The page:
California is a place of huge variety and incredible adaptation – from Whales and Sea Lions to soaring Condors and giant Redwoods, there truly is something here for everyone. Last year I spent a whirlwind 10 days travelling across California with a group of scientists – here are my favourite wildlife and biodiversity highlights of the trip.
Whale Watching in New Port
Extinct Biodiversity at La Brea Tarpits
Hummingbirds in Palm Canyon
Joshua Tree National Park
Superbloom in Death Valley
Elephant Seals at San Simeon
California Condors at Big Sur
Sea Otters in Monterey
Coastal Redwoods at Henry Cowell
Sea Lions at Pier 39
As soon as you arrive in LA, wildlife is right on your doorstep. As a gentle introduction, on our first jet-lagged day in the US, we took a morning whale watching trip from New Port Pier. It was a 3-hour excursion with an enthusiastic and informative narrative from the boat’s Captain. We saw Dolphins, False Killer Whales and Sea Lions, although unfortunately sea sickness got the better of me and I didn’t enjoy the trip as much as I could have.
Just outside LA is the famous La Brea Tarpits Museum. These naturally occurring tar pits have been here for millions of years, trapping all manor of creatures from mice to Wooly Mammoths. You can see some ‘live’ tar pits in action today, although the real highlight is the museum.
The collection of specimens, mostly from the last Ice Age – the era of Sabretooths, Dire Wolves and Wooly Mammoths – is truly impressive. The dire wolf wall alone represents only a fraction of their collection but is a fascinating display for anyone interested in past lives and evolution.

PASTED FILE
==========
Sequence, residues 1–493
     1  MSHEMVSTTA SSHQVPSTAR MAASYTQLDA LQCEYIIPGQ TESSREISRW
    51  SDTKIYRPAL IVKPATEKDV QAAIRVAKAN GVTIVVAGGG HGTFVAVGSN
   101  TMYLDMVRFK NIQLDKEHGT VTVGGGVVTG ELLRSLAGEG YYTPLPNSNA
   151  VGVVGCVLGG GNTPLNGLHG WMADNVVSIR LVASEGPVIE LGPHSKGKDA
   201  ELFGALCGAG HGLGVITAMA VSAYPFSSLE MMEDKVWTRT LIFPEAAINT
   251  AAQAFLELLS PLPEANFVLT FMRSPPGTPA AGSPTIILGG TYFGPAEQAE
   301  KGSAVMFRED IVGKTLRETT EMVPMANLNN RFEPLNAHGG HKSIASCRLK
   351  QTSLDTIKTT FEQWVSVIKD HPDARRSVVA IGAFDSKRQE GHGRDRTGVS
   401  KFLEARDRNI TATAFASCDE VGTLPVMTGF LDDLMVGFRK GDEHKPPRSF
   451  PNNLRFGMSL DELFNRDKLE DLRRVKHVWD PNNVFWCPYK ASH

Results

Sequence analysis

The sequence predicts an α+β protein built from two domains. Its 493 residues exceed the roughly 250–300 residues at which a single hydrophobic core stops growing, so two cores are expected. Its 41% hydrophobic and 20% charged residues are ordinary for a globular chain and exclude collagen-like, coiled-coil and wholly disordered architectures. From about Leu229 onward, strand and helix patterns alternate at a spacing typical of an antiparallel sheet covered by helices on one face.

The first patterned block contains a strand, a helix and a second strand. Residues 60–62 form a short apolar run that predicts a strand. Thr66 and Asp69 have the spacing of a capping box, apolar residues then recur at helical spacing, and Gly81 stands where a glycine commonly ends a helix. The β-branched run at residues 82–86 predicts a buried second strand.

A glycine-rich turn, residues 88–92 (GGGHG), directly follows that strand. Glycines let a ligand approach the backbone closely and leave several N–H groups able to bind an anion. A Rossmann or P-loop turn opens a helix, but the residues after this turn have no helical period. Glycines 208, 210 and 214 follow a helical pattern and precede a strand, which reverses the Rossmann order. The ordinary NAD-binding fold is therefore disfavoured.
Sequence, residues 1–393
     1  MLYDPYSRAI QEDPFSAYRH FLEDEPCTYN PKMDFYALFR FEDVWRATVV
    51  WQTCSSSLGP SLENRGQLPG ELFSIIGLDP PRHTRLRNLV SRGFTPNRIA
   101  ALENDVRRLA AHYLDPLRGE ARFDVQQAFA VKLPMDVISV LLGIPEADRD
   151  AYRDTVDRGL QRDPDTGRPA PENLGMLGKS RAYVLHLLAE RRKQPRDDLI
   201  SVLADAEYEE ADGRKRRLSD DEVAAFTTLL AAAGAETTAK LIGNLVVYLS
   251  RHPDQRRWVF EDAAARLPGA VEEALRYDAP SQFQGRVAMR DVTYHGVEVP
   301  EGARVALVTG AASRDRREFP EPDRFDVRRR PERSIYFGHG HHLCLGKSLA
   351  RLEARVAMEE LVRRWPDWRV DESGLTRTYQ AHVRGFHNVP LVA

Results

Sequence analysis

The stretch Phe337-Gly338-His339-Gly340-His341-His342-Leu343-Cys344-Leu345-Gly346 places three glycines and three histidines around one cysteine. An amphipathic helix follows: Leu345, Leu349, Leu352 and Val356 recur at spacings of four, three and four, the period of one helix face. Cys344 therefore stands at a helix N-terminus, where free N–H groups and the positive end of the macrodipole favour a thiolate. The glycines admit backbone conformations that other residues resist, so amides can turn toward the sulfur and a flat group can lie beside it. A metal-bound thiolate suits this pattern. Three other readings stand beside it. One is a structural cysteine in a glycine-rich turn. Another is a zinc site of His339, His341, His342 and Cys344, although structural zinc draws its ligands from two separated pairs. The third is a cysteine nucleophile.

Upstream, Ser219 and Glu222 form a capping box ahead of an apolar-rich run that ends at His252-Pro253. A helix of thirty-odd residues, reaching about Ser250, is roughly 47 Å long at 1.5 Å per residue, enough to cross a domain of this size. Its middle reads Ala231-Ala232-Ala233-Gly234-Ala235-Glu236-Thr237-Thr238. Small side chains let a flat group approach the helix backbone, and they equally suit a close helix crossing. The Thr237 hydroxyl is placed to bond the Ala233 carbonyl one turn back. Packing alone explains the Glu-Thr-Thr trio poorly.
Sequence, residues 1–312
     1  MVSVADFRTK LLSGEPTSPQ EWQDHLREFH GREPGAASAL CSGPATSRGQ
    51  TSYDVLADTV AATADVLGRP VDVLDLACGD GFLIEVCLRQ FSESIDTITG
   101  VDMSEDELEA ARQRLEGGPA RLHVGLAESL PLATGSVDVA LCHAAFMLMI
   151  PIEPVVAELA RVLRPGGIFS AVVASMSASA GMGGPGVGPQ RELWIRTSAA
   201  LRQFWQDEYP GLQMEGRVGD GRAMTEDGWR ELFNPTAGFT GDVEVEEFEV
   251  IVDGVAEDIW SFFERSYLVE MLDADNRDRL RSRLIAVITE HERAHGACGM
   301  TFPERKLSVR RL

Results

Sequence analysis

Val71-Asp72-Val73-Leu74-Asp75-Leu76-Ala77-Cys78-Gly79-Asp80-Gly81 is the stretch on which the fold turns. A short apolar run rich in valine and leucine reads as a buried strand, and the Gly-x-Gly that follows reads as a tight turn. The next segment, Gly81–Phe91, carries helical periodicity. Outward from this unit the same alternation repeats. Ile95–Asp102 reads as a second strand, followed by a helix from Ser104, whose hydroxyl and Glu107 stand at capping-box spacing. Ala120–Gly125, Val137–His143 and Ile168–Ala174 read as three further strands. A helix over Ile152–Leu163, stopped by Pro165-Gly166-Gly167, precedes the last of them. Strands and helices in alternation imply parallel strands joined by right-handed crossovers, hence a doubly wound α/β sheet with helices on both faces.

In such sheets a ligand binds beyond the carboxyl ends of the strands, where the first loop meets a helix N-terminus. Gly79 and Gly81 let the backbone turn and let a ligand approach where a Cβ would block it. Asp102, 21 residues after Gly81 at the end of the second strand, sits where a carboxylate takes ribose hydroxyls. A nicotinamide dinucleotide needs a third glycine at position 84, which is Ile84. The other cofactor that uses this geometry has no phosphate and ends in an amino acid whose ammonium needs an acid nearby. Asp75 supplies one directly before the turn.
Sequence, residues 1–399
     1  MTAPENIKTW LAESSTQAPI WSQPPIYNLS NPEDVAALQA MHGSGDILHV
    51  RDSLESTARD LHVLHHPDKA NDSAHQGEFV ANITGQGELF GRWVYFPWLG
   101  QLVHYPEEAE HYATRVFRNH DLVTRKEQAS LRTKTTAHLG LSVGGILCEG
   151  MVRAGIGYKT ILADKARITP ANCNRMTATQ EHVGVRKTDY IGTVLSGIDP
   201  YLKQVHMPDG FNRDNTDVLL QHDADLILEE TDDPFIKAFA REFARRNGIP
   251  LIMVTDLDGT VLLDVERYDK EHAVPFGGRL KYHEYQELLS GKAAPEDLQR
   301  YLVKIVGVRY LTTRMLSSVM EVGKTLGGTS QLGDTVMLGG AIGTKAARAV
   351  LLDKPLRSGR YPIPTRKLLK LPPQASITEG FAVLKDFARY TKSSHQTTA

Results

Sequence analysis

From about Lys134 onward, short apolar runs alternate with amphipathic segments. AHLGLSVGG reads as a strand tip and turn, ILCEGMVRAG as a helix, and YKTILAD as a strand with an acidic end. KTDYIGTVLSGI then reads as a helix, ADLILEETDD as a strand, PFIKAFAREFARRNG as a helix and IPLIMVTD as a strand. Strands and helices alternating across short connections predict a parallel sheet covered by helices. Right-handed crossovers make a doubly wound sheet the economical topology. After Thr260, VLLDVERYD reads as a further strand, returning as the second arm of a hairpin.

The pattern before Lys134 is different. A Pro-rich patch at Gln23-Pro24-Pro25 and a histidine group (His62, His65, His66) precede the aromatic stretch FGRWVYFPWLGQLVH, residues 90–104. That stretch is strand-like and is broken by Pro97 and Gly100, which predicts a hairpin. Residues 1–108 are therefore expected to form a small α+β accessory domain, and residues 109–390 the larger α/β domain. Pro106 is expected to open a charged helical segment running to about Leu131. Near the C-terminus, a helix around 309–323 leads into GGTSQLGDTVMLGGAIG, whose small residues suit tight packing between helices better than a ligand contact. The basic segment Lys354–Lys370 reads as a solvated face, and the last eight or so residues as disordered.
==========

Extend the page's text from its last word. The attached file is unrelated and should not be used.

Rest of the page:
The animals might be extinct, but a visit to the La Brea tar pits is truly worth your time.
Our next location was Palm Springs, an ideal spot nestled between the biodiverse Palm Canyon and the dramatic alpine gradient of Mount San Jacinto. In Palm Canyon you can see the hummingbirds without hardly needing to leave the car park – they are frequent visitors to the nectar dispensers set up around the visitor centre and it’s possible to see several different species including Rufus Hummingbird and Costa’s hummingbird.
Joshua Tree NP is a surreal, other-worldly environment, not to be missed on any trip to California. This sparse landscape is smattered with the bizarre Joshua Trees, viscous cacti and strange piles of boulders that resemble giant cairns.
Desert wildlife here includes plenty of lizards (best seen basking in the early morning), insects and birds (including the infamous Road Runner). Less visible, although important parts of the ecosystem, Joshua tree is also home to Coyotes and Mountain Lions.
Once every seven or eight years, El Nino brings rains to one of the driest places on Earth, Death Valley. Here, millions of flowering plants are lying dormant as seeds just below the surface of the soil, waiting for this rare event to trigger their germination. We were incredibly lucky to visit Death Valley in 2016 during one of these rare ‘superblooms’. Other biodiversity to be spotted in this hostile environment include the remarkable pup fish, which has adapted to the increasingly hot, saline environment of the few remaining water bodies in Death Valley.